Advertisers try to stand out on Super Bowl Sunday,local/3774312c.129,.html

By JENNIFER MANN – The Kansas City Star

Battling brides, a singing sock puppet, a philosophizing director and a smart-alecky computer icon are some of the characters populating the ads set to be shown between football plays in today’s Super Bowl XXXIV.

The game is being dubbed the dot-com bowl by some because of the glut of Internet companies throwing lots of money — and some say lots of caution — to the wind to get their names and messages out. For many sites it’s make-it-now-or-never time.

In fact, ABC, which is pulling in $135 million for airtime sold, is making most of the dot-com advertisers pay up front, whereas most advertisers pay for spots after they have run.

Many advertisers think the Super Bowl is the place to be seen. Even though viewership has declined, it was still an estimated 135 million last year. With so many ads, however, it can be a dizzying experience for the viewer.

“Consumers are pretty overwhelmed,” said Edward Boches, chief creative officer for the Mullen advertising agency, which has two clients advertising in the Super Bowl. “Certainly the majority of it cannot be connecting.”

Meanwhile, if any advertisers, dot-coms or otherwise, are concerned about the match-up between two small-market teams, the St. Louis Rams and the Tennessee Titans, they aren’t saying so.

Perhaps some are comforted because the Rams, 4-12 last year, are a Cinderella team. In fact, their victory a week ago scored the highest audience rating for a playoff game in four years.

Last year only two dot-coms, and, both job-search sites, advertised on the Super Bowl for $66,666 a second. But this year half of the Super Bowl advertisers are either pure dot-coms or otherwise related to the Internet.

And the price this year has gotten considerably steeper, with some paying up to $3 million per 30-second spot, a hundred grand a second.

The average price being paid, however, is $2.2 million for a 30-second spot, still an astounding $73,333 a second.

For that kind of money, the trick for any Super Bowl advertiser, dot-com or not, is to cut through the clutter.

The tightrope is to get the viewers’ attention, entertain and inform them, let them know what your company does and leave a lasting impression, all within 30 to 60 seconds.

Some go for lots of sizzle, some for humor, others for serious images and messages.

For instance, showcases director Francis Ford Coppola in an arty black-and-white spot waxing on about sports, with dialogue such as, “So sports becomes the alternative, where you are really seeing something alive, that hasn’t been prepared…and you don’t know how it’s going to turn out,” followed by its tagline: “What’s On Your Mind?”

Then there are others, such at It features Mr. Sock Puppet singing a warbly rendition of Chicago’s “If You Leave Me Now” as Beano, a forlorn dog, watches as his master leaves to go get pet supplies.

The spot takes a shot at mimicking a slew of other ads, including a quick cut of a reptile that looks suspiciously like Anheuser-Busch’s Louie the Lizard shedding a tear., a Web site that provides personalized stationery, is aiming its marketing guns at young, just-starting-out couples.

One spot titled “Angry Brides,” informally called “Brides meet WWF,” was initially rejected by the censors at ABC. The company’s agency went back and tweaked the spot to satisfy the censors.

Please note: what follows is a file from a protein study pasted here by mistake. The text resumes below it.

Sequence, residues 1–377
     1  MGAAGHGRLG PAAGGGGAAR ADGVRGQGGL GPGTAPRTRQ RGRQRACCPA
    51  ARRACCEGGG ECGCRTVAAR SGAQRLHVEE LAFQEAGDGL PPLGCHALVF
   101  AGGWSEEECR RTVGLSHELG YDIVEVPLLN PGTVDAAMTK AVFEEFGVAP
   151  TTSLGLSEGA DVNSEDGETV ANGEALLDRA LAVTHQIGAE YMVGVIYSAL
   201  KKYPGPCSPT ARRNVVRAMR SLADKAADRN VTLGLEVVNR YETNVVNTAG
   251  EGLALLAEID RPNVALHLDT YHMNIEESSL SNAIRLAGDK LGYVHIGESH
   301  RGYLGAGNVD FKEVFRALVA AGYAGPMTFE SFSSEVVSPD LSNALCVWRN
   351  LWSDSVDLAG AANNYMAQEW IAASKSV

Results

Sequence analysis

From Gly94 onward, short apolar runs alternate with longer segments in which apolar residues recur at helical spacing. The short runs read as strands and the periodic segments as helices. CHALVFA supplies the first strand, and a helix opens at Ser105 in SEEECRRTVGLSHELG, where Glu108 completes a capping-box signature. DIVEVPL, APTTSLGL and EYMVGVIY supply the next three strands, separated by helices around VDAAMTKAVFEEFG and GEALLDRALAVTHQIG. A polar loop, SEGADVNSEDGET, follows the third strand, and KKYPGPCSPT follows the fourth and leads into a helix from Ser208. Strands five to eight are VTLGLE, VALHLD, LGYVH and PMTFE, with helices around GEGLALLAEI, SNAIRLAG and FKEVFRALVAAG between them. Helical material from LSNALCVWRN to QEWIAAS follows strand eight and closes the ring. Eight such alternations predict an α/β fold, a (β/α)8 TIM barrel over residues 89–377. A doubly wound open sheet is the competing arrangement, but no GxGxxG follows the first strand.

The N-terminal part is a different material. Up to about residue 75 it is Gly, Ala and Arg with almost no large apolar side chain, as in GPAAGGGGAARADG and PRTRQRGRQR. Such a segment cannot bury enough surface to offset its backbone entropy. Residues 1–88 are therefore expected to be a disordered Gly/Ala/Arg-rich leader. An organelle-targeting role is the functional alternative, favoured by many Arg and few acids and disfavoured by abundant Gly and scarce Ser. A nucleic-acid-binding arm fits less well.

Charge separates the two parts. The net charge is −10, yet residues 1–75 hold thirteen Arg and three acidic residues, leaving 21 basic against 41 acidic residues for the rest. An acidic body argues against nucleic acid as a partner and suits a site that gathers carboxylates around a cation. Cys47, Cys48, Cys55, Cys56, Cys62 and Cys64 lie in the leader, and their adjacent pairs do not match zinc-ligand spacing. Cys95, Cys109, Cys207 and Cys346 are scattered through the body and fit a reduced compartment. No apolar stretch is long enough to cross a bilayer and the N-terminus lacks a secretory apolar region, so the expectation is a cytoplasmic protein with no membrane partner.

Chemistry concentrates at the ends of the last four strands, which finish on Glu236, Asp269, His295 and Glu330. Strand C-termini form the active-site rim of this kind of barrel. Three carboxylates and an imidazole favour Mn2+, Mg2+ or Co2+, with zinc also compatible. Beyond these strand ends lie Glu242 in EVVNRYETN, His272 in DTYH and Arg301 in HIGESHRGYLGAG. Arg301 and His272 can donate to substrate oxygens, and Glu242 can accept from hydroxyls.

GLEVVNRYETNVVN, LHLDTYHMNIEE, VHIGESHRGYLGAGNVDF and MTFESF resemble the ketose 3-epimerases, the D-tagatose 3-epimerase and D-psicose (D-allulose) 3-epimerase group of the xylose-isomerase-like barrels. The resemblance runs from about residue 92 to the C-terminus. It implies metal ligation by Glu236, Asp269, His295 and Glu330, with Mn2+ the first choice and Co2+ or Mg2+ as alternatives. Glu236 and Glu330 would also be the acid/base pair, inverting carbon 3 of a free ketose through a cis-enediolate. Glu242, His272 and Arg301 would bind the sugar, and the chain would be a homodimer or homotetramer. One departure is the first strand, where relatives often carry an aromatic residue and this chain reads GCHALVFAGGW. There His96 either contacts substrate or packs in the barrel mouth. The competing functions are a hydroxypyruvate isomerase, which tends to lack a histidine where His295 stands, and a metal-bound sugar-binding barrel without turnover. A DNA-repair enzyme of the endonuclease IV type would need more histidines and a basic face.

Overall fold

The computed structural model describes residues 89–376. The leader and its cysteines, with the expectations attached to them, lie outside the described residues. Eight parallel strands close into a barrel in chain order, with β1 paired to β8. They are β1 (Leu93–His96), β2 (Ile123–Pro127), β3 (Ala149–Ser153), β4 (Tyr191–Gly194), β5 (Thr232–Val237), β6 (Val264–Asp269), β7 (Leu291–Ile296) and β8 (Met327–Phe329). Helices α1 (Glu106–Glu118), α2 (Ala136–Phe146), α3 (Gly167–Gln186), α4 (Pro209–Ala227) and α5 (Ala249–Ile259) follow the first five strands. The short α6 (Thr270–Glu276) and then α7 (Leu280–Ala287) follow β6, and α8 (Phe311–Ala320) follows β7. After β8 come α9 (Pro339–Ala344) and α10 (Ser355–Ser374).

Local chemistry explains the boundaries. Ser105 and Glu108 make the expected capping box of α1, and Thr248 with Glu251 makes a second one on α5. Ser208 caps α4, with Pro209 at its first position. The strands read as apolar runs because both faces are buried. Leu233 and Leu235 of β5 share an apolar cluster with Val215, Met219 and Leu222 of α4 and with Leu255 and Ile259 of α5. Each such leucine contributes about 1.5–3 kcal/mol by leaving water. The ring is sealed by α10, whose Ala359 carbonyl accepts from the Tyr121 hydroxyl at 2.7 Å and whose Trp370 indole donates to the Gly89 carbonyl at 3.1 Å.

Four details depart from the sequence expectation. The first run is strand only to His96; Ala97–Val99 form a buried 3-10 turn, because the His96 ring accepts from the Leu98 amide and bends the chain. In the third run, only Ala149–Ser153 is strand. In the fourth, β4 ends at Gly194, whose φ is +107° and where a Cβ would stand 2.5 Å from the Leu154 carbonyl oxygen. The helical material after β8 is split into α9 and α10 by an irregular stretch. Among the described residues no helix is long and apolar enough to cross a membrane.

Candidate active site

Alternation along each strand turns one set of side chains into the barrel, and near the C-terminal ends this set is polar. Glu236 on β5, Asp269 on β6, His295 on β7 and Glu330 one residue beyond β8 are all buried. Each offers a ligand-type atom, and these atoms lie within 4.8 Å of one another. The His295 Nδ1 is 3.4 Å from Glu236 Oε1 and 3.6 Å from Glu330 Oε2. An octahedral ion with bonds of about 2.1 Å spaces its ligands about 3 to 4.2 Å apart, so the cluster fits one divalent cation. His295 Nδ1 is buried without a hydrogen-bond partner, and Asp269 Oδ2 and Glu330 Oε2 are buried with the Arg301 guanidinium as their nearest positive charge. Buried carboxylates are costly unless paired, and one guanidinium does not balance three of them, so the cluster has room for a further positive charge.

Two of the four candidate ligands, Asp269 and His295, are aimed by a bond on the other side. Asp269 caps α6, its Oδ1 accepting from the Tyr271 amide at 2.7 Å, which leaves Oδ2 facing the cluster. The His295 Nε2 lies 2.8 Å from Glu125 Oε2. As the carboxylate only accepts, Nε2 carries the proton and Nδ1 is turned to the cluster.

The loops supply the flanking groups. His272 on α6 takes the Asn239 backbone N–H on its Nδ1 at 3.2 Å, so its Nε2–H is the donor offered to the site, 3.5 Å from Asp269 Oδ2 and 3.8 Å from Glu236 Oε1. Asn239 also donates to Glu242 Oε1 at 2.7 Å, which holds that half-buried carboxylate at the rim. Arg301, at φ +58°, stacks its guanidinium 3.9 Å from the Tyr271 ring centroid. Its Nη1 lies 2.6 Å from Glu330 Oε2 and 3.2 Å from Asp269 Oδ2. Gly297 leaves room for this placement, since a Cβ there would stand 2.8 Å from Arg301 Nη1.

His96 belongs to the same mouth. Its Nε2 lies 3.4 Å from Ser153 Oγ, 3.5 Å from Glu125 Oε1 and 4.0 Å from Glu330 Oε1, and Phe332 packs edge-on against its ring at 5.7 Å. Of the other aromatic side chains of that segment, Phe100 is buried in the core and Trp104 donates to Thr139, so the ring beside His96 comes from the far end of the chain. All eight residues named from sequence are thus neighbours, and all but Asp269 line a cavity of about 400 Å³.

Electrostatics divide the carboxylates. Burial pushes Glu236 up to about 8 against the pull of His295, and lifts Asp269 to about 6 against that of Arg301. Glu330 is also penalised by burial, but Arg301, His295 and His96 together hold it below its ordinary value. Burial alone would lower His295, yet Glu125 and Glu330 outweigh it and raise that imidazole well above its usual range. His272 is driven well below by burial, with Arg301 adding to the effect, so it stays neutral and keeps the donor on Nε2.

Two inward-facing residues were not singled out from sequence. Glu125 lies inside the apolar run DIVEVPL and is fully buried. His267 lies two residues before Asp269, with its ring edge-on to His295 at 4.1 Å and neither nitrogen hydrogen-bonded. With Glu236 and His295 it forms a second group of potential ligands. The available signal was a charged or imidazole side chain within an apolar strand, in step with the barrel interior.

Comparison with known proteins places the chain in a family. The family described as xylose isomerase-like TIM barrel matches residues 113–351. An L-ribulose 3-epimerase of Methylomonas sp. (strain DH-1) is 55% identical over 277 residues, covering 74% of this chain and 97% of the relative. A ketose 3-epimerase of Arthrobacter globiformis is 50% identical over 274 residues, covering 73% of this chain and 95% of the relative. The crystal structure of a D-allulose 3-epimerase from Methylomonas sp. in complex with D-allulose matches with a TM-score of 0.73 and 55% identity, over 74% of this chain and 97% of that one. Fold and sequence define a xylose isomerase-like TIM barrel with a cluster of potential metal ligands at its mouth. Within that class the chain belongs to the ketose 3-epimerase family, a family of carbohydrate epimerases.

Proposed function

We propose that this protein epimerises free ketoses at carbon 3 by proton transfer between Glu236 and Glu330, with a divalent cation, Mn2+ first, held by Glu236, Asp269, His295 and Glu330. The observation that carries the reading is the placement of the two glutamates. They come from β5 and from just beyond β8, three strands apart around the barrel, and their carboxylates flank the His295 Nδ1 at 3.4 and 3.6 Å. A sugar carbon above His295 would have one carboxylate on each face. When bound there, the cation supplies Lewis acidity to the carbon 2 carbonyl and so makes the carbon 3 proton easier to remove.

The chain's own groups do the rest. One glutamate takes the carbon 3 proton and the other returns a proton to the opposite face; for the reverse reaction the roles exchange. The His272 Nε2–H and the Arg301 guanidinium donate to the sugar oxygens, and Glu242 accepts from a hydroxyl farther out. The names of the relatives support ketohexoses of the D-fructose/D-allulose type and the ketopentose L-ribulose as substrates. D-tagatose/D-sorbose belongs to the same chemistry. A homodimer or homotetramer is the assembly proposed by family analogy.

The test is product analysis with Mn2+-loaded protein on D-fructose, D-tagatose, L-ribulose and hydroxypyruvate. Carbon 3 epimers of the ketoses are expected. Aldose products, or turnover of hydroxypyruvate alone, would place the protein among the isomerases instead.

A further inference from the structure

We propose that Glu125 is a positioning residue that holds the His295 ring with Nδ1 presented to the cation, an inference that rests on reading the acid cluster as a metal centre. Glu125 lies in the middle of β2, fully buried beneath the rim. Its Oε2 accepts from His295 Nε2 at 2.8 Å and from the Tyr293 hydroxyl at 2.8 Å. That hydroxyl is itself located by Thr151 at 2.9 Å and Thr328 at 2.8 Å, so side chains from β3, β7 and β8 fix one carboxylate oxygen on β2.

Yet another dot-com,, proudly boasts that it expects to have the worst spot on the Super Bowl.

The deal, says Tim Hanlon, vice president of marketing and communications for Lifeminders, is that the company did not commit to the Super Bowl until Jan. 11, at which time its agency told the company it was way too late to produce anything of any quality.

So decided to go it alone. As viewers listen to a pathetic rendition of “Chopsticks,” crude type on the screen explains what the company does and why people should log onto its site: because “We’re information experts (geeks)…. But we don’t know diddly about making ads.”

And while other advertisers, including competing dot-coms, are spending $1 million, $2 million, even $3 million to create ads, Lifeminders spent $4,800.

Back for the big game, as always, is Anheuser-Busch, which this year isn’t saying a lot about what it is running on the Super Bowl.

One ad that has been produced and which may be shown is a heart tugger featuring a tuxedoed veterinarian on New Year’s Eve, a Clydesdale foal and fireworks.

Another Anheuser-Busch ad that may be shown is said to have ruffled the ABC censors. That spot involves a man shot from a cannon becoming a suppository for an elephant when his partner becomes distracted by a Bud beer vendor.

Also back for the big game is 7Up with a series of new commercials featuring its fictional spokesman, Orlando Jones.

In one spot, Orlando encourages the team to douse the coach with a bucket of 7Up after a big victory. Enthusiastically they do so, except the soda is still in the cans. “Ooh,” says a wincing Orlando, as the coach lies on the ground groaning.

Both and, the dot-coms from last year, are back for another go around. In the 24 hours after the game last year, saw hits on its Web site soar 450 percent, which almost shorted out its systems.

Most dot-coms are taking a page from that experience and making sure they are set to handle the hoped-for hits.

So why has the Super Bowl become the venue for so many advertisers, particularly the dot-coms?

As Richard Johnson, founder and chief executive officer of, explains it: “Last year we were the smallest company in the history of the Super Bowl to advertise. Fox (network) rejected our commercial, people said I was crazy…but it paid off in spades — it made us look like geniuses.”

To reach Jennifer Mann, call (816) 234-4453 or send e-mail to